This chapter provides an overview of selected demographic characteristics of the Black population in Canada (as noted in Chapter 1, 92.7% of the people associated with the HIV-endemic exposure subcategory in Canada are reported as having an ethnic origin associated with the Black population). It aims to provide a better understanding of the Black population’s size, growth, geographic distribution and immigration patterns. Because data from the 2006 census is still being analyzed, unless otherwise mentioned, information from the 2001 census was primarily used to prepare this section of the report.
The first Black person in the territory that is now Canada was reported in 1605. From 1628 to the early 1800s, Black slavery existed in Canada, particularly in Eastern Canada, where United Empire Loyalists often brought slaves with them when emigrating from the United States.
1700s and 1800s
Canada became home to Black Loyalists who had been promised land grants for supporting the British during the American Revolution. Many chose to remain in Canada and founded settlements in Nova Scotia, Ontario and, later in Western Canada with the opening of the frontier in the mid-1800s.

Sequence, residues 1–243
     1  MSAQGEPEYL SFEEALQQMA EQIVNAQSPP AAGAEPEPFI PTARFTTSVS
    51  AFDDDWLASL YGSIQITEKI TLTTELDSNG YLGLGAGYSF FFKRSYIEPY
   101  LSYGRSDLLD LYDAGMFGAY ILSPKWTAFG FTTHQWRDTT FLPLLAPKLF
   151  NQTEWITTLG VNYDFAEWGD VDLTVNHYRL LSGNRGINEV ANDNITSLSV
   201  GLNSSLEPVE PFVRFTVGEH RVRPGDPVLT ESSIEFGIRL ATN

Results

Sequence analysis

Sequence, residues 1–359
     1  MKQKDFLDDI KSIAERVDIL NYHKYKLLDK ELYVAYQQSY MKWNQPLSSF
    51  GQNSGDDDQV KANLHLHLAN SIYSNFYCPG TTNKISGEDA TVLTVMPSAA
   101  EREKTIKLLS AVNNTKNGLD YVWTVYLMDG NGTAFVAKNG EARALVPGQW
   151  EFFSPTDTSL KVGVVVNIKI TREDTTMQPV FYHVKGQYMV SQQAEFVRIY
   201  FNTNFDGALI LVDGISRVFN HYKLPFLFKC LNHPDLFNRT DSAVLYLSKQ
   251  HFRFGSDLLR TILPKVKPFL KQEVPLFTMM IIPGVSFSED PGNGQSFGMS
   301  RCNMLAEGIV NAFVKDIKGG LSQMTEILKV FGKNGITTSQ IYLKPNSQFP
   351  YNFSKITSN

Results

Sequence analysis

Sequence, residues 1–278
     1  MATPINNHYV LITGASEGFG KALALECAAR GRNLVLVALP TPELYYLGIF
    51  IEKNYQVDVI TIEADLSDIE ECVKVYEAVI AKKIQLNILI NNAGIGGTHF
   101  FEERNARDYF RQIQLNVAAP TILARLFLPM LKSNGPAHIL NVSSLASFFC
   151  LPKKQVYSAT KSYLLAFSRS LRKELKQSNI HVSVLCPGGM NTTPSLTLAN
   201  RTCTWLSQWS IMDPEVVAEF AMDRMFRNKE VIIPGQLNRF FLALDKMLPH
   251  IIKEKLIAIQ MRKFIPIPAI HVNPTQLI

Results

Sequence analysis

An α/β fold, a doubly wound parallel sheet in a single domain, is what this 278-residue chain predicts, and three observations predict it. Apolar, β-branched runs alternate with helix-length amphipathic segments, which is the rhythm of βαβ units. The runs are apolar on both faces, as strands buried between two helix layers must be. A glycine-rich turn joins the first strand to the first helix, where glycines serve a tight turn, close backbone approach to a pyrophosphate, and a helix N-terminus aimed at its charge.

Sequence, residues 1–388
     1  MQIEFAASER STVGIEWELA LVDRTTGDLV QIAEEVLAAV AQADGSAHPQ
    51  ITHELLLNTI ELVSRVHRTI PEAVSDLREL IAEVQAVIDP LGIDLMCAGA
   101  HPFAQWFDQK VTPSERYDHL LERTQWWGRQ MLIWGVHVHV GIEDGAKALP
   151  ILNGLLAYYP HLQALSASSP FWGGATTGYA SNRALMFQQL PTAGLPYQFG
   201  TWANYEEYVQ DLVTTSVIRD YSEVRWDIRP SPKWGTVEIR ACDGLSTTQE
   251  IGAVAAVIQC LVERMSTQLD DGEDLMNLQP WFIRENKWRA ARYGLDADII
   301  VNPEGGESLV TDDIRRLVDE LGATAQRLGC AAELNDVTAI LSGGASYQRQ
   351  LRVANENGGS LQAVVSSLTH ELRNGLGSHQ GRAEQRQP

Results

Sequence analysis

During the early 1900s, the growth in the Black population did not keep pace with that of other visible minority groups. Most Black people living in Canada during this time resided in south-western Ontario or the Atlantic provinces. During the next several decades, the number of Black people in Canada grew slowly. In the 1960s, immigration policy reforms eliminated preferences for immigrants of European origin and implemented a points-based system for economic immigrants to ensure maximum employability in an economy where skilled labour was becoming a priority. Consequently, the source countries of immigrants became more diversifi ed, resulting in increasing numbers of Black immigrants from the Caribbean and Africa.
(Source:  pp. 1-3).
According to the 2006 census, 783,795 Black people comprised 2.5% of the country’s population and 15.5% of the visible minority population . Black people are the third largest visible minority group in Canada. From 1991 to 2001, the Black population in Canada increased by 31%, while the country’s population grew by 10% and the visible minority population grew by 58% .